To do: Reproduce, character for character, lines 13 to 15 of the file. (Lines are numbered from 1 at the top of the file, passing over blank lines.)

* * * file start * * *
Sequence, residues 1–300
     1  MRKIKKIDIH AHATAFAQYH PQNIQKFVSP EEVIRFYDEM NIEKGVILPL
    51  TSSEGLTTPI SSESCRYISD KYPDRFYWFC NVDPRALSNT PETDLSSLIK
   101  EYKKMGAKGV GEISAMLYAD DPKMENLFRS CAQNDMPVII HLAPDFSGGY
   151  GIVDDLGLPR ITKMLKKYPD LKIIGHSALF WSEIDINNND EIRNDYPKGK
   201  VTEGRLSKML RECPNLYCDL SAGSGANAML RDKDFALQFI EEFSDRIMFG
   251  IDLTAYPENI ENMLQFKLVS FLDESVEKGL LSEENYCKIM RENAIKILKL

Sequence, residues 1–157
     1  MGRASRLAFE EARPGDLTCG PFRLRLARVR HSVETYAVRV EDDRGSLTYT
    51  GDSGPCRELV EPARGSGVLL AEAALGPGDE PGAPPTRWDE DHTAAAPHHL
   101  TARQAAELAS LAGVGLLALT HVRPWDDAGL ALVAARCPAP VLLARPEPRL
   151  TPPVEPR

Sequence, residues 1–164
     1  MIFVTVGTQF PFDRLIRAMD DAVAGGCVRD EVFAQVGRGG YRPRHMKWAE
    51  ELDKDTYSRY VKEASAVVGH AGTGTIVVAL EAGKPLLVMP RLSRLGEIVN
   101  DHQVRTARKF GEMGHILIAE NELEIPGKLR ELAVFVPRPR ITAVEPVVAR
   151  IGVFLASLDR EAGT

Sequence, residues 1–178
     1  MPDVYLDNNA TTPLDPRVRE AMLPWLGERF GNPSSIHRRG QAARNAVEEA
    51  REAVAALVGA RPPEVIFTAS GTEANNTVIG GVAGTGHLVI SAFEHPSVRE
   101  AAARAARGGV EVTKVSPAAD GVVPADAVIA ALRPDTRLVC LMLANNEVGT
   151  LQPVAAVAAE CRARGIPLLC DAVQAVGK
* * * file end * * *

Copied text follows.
Sequence, residues 1–164
     1  MIFVTVGTQF PFDRLIRAMD DAVAGGCVRD EVFAQVGRGG YRPRHMKWAE
    51  ELDKDTYSRY VKEASAVVGH AGTGTIVVAL EAGKPLLVMP RLSRLGEIVN